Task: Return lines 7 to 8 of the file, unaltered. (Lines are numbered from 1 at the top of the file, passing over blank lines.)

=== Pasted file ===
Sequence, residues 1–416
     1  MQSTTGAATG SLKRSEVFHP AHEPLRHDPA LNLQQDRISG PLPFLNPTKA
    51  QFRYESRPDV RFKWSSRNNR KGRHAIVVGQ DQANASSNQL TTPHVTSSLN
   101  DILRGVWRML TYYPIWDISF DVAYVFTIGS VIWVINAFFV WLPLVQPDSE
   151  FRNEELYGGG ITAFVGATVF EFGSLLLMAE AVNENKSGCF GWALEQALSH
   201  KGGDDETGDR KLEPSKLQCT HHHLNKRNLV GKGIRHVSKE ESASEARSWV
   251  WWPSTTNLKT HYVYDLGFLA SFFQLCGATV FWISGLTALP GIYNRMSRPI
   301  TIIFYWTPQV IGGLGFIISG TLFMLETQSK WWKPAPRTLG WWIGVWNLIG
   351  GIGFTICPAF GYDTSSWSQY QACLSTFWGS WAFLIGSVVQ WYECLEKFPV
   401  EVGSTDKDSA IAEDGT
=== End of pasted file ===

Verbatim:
   251  WWPSTTNLKT HYVYDLGFLA SFFQLCGATV FWISGLTALP GIYNRMSRPI
   301  TIIFYWTPQV IGGLGFIISG TLFMLETQSK WWKPAPRTLG WWIGVWNLIG